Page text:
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Credit Card Industry Braces for Big Changes

Congress' credit card reform bill will prevent companies from arbitrarily raising interest rates, but it could also tighten available credit. A reporter explains the measure.

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    The new credit card regulations will mean big changes for consumers whether they pay on time or not. Card companies won't be able to raise interest rates unless a payment is more than 60 days past due. If the borrower then pays on time for the next six months, the original interest rate kicks back in.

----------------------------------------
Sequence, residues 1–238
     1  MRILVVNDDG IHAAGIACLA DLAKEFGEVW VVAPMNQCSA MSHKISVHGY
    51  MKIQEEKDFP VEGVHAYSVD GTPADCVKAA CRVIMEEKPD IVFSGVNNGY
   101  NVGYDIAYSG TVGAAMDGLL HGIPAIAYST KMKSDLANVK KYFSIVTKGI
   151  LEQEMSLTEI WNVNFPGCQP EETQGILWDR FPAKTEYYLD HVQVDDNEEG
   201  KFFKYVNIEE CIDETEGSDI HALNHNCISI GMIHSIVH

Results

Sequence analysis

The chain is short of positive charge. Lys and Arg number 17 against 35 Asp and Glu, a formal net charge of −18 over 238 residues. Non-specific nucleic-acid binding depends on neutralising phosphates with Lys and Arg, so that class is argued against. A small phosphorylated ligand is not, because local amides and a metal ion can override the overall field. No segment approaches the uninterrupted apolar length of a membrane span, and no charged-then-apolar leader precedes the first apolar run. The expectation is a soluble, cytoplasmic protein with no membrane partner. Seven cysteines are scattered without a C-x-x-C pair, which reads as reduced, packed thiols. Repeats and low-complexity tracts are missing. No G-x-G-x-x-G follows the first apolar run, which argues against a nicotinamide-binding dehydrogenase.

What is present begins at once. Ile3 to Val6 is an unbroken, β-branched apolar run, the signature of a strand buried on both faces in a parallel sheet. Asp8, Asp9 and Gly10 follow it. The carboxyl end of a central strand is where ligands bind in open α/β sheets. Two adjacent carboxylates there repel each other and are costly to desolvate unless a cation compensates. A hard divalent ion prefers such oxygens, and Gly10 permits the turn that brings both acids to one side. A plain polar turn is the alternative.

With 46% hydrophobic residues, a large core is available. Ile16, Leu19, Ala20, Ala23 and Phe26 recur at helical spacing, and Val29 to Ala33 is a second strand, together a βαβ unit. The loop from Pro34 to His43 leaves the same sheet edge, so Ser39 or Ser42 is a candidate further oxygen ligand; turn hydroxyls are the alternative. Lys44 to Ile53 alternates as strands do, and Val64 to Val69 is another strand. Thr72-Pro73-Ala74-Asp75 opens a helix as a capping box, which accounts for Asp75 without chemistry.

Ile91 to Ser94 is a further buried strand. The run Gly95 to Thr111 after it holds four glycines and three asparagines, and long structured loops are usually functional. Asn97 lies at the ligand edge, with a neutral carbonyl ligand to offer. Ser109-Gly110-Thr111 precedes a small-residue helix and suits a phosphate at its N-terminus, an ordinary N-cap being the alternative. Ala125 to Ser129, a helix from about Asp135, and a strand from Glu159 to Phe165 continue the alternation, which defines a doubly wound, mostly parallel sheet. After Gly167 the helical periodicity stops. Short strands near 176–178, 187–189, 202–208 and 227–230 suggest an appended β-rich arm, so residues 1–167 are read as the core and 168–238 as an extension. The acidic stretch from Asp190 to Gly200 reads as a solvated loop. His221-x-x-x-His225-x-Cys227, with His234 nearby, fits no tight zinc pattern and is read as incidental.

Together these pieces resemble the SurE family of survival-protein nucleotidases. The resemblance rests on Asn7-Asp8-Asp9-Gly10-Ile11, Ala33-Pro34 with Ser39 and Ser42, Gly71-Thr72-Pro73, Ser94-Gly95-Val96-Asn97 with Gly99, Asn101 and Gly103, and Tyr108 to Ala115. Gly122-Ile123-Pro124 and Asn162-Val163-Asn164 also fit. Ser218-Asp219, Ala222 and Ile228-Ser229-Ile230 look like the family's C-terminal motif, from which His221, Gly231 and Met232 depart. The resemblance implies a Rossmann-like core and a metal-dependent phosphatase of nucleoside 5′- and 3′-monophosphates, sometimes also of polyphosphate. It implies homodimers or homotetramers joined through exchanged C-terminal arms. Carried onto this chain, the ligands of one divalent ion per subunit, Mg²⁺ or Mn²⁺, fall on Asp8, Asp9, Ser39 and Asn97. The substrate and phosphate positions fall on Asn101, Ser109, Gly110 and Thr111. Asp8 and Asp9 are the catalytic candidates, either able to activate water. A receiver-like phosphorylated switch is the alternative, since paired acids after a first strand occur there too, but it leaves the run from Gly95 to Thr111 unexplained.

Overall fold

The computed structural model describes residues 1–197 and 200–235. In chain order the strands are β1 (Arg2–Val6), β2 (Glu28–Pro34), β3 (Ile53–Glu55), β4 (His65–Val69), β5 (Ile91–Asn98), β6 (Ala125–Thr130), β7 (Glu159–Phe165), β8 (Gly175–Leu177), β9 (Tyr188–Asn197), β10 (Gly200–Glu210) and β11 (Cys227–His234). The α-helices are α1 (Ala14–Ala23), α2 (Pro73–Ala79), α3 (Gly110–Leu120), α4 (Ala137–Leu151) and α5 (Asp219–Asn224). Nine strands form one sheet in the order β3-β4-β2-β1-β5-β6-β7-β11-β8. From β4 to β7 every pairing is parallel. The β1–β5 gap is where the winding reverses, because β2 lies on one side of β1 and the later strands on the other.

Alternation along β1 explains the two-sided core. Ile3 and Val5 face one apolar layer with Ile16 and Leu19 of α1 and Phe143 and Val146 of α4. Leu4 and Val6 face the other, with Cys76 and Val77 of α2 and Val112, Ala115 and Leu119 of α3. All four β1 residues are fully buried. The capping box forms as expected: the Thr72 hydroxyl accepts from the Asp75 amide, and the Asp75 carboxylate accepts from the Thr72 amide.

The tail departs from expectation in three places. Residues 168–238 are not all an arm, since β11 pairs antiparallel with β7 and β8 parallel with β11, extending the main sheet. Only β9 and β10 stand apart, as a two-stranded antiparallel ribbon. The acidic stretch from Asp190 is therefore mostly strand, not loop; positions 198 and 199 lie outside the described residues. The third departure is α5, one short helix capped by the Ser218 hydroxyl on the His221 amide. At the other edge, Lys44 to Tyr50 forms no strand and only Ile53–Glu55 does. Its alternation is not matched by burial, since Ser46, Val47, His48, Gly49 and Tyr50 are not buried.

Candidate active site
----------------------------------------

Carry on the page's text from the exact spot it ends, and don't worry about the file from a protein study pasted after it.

Also, if a borrower pays more than one interest rate — say, for cash advances and for charges — payments must be applied to the higher interest rate balance first.

    The law would also limit credit for anyone under the age of 21.

    Joining us to explain its impact is Nancy Trejos of the Washington Post.

    Welcome, Nancy.

  • NANCY TREJOS, Washington Post:

    Hi. Thanks for having me.


    What's the big problem this was designed to fix?


    Well, there was a problem with the way interest rates were being charged. Credit card companies were raising interest rates on existing balances for any time, for any reason. They were also charging excessive fees, not giving consumers enough time to make their payments, and they were doing some aggressive marketing of credit cards to college students, to people under 21.


    Is it fair to say all of this was contained in fine print mostly?


    A lot of it was. And terms and conditions of contracts were not very clear or very hard to understand.

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